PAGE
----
If u ∈ field K is a root of an irreducible polynomial P ∈ F[X] of degree d

and

Then:

every element in F(u) can be uniquely written in the form:

a

_{0}+ a

_{1}u + a

_{2}u

^{2}+ ... + a

_{d-1}u

^{d-1}with a

_{i}∈ field F.

Proof:

(1) Let f(u)/g(u) be an arbitrary element in F(u)

(2) Since g(u) ≠ 0, it follows that g(u) is not divisible by P since:

(a) Assume that g(u) is divisible by P.

(b) Since P(u) = 0, if follows that (X - u) divides P. [See Theorem, here]

(c) But if P divides g(u), then (X -u) divides g(u).

(d) But this is impossible since this implies g(u) = 0 [See Theorem, here] but g(u) ≠ 0.

(e) So we reject the assumption in step #2a.

(3) Then, g(u) is relatively prime to P since P is irreducible. [See Definition 1, here for definition of irreducible polynomials]

(4) Then (see Corollary 3.1, here), there exists polynomials h,U in F such that:

g(X)h(X) + P(X)U(X) = 1 in F[X]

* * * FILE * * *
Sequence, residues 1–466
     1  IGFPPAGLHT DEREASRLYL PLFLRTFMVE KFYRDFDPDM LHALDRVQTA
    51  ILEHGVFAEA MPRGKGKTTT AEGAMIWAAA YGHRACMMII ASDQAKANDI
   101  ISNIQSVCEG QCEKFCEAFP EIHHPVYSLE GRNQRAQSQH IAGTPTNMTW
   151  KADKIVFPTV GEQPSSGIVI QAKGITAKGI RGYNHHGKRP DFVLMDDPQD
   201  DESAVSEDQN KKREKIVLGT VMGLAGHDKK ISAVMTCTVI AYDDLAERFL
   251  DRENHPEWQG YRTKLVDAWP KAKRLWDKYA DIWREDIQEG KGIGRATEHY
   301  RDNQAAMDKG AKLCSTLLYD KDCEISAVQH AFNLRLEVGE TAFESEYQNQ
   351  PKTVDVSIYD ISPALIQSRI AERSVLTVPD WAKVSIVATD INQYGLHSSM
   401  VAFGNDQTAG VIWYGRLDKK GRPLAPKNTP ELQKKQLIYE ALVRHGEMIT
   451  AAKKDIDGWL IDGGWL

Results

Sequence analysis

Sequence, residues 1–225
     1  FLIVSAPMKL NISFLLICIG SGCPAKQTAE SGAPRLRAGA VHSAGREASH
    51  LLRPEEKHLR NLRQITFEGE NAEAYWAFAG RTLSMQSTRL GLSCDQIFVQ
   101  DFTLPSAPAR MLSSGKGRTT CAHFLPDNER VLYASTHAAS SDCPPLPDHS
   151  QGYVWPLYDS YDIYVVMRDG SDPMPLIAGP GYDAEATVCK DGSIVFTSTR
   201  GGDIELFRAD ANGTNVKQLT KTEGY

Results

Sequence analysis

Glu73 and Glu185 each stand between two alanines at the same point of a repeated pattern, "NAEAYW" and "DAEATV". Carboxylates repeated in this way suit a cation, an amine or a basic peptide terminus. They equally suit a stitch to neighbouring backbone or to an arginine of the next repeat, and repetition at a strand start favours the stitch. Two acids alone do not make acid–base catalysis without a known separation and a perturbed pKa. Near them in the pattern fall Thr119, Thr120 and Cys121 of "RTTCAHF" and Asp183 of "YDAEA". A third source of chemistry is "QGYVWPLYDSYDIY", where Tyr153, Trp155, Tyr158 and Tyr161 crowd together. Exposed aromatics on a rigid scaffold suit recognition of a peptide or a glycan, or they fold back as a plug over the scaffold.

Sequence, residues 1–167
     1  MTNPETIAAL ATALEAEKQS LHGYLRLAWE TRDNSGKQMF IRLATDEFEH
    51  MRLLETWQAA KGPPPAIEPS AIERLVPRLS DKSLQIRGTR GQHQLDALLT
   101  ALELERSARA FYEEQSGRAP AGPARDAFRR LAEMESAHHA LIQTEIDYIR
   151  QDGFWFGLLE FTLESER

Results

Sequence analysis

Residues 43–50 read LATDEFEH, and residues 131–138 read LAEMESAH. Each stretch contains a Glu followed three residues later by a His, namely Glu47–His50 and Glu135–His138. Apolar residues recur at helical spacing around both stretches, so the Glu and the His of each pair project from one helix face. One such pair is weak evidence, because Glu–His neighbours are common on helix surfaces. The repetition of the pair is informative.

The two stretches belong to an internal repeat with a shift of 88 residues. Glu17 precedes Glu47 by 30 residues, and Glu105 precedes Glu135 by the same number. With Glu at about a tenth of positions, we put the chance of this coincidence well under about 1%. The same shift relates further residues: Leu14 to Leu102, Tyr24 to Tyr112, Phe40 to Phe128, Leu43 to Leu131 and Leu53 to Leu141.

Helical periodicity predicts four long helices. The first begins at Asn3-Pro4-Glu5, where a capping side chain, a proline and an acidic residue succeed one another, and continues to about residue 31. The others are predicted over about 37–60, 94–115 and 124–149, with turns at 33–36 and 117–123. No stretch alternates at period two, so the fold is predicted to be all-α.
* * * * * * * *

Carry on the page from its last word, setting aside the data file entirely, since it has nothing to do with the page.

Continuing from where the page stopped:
(5) Since P(u) = 0, substituting u for X gives us:

g(u)h(u) + P(u)U(u) = g(u)h(u) + 0*U(u) = g(u)h(u) = 1 in K.

(6) Since g(u) ≠ 0, we have:

h(u) = 1/g(u) in K

which gives us that:

f(u)/g(u) = f(u)h(u) in K

(7) Using the Division Algorithm for Polynomials (see Theorem, here), there exists Q, R such that:

fh = PQ + R in F[X] with deg R ≤ d - 1.

(8) Since P(u) = 0, it follows that:

f(u)h(u) = P(u)Q(u) + R(u) = 0*Q(u) + R(u) = R(u) in K

(9) Since R(u) is a polynomial of degree at most d-1, we have converted an arbitrary expression f(u)/g(u) ∈ F(u) into a polynomial expression of the type:

a

_{0}+ a

_{1}u + ... + a

_{d-1}u

^{d-1}

with a

_{i}∈ F

(10) Now, I will prove uniqueness.

(11) Assume that:

a

_{0}+ a

_{1}u + ... + a

_{d-1}u

^{d-1}= b

_{0}+ b

_{1}u + ... + b

_{d-1}u

^{d-1}

(12) Let us define V(X) such that:

V(X) = (a

_{0}- b

_{0}) + (a

_{1}- b

_{1})X + ... + (a

_{d-1}- b

_{d-1})X

^{d-1}∈ F[X]

(13) It is clear that V(u) = 0 from step #11.

(14) Using Lemma 2 above, it is clear that P divides V.

(15) But since deg V ≤ d-1 and since P is of degree d, this is impossible unless V=0.